I watched a sporting match at the weekend that failed to live up to its name. It was not the expectation, nor in fact the event itself, in which lay the failure: it was in the naming…..it was not a match, it was a mismatch. One of the two sides, strive as their players manfully did, were restricted to showing how good was the other. Being a neutral observer the predictable outcome had no effect on me save for arousing in my mind the likeness between this mismatch and its disconcerting similarity to innumerable dishes of food that have, over the years, been put before me and indeed those that, on more occasions than I would care to admit, I have put before others, and which suffered from the same shortcoming: a mismatch, in these incidents of ingredients, flavours and conception. We, as was the Curate, are compelled to employ a euphemistic reply to suggest that there is something good in an irredeemably bad dish….or, as was the original case, egg. An egg is good or it is bad, there is no middle ground. A dish that is too salty will remain so despite our protestations of it reminding us of swimming in the warm sea last summer.
I clearly remember, though I have tried without success over the years to expunge this memory, an occasion when I reduced a classically simple dinner, consisting of a gigot and a gratin of potatoes, to a gut wrenching endurance test. Mismatches were the rocks on which the dinner foundered. It was at the time when I had first discovered Edouard de Pomiane and was enthused with his writings and recipes, in one of which he had described cooking a gigot over hot coals with a silver foil reflector at the side. It was summertime, so the idea of cooking outside in the early evening pushed all the right buttons and in due course the skin of the gigot had attained that mouthwatering glssoy, dark brown hue that predicts perfection. The accompanying gratin was attaining a similar hue in the oven whilst the dark thunderclouds of disaster were still noticeable by their absence. There are one or two details of the cooking procedures with which I have not yet acquainted you and of which, at the time, I was equally oblivious. The time taken for the gigot to reach perfection, in the estimation of M.de Pomiane, was the duration of his conversation with a neighbour over the garden fence. No exact details were given of the conversation, nor of its length, and I, a debutant with a gigot al fresco, did not have the wit to probe it with a knife. Instead, I had decided to make a Pomianesque decision of when it was ready, and that decision was to be made earlier rather than later….overcooked lamb being my fear. As to the gratin……my nose had been in another book which had cast its influence over me, and in which I had come across the aptly named Janssen’s Temptation, a Swedish version of a potato gratin which uses anchovies as the salting agent. This excellent dish had stayed in my mind and I had decided to replace the dauphinois with this new concept. As I layered the potatoes, cream and anchovies my mind still retained fragments of the original Dauphinois plan, so I generously sprinkled salt on top of each layer of tinned anchovy fillets that lay between the cream smeared, paper thin potatoes. The end result was memorable, in that being served burnt skinned, yet bleeding raw lamb with a dish of potatoes that challenged the Dead Sea for salinity would be forever engraved on the memories of our guests whilst the two dining chairs, breaking nearly simultaneously, and casting them onto the floor at the speed of a failing elevator was the icing on the cake, though what that icing would consist of beggars belief if such a fucking awful event can be called cake.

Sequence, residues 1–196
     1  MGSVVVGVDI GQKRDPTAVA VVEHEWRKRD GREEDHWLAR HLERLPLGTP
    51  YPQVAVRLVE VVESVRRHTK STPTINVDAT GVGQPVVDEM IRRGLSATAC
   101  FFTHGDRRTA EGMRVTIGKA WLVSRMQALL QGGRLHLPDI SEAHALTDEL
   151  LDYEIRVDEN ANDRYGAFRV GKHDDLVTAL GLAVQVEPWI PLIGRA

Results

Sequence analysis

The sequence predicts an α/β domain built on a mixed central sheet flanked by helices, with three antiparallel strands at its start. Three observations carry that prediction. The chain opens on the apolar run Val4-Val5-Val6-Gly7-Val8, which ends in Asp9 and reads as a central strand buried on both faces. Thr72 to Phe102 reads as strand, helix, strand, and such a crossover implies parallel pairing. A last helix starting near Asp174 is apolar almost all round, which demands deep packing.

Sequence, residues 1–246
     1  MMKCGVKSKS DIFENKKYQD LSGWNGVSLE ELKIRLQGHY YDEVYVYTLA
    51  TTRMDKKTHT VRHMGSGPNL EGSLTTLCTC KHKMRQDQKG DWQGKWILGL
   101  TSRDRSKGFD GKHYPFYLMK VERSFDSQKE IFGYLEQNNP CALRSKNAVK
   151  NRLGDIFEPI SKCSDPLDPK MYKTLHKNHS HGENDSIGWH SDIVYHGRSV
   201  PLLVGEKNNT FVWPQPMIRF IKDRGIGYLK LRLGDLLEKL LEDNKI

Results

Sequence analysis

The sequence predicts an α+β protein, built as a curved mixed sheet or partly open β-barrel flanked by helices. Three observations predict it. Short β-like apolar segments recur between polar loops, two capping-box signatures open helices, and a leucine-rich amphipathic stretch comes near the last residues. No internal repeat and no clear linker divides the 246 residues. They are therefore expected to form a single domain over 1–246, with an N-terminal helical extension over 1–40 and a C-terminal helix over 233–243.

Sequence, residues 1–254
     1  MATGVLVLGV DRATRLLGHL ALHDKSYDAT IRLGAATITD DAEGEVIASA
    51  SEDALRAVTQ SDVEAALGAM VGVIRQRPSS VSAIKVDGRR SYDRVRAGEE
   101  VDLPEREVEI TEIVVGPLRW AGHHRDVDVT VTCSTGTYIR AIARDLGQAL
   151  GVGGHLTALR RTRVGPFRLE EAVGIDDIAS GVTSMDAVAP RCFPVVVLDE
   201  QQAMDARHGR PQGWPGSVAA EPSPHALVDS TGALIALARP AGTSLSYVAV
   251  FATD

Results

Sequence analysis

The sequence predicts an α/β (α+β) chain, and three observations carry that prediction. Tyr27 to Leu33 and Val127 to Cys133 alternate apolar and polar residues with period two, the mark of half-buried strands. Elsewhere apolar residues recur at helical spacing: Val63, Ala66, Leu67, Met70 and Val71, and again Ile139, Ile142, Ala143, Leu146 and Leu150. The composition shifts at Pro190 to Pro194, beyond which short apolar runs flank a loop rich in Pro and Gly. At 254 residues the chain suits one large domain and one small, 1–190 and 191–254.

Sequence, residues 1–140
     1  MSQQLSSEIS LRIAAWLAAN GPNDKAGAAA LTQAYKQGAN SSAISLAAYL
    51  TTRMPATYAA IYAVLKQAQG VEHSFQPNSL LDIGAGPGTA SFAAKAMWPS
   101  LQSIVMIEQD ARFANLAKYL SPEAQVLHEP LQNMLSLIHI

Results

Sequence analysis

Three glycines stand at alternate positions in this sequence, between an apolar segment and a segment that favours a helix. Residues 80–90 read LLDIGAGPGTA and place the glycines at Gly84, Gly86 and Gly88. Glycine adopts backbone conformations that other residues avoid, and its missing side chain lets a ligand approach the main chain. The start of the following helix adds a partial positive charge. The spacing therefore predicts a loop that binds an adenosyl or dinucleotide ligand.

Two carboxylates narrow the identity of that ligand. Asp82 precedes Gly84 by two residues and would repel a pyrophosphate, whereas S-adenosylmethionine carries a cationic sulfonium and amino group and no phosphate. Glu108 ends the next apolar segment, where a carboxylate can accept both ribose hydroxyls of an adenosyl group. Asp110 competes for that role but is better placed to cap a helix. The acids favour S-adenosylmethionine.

It would have been so much better to have served them a perfect fried egg; eaten, with good bread, directly from the pan….preferably not whilst sitting on a chair.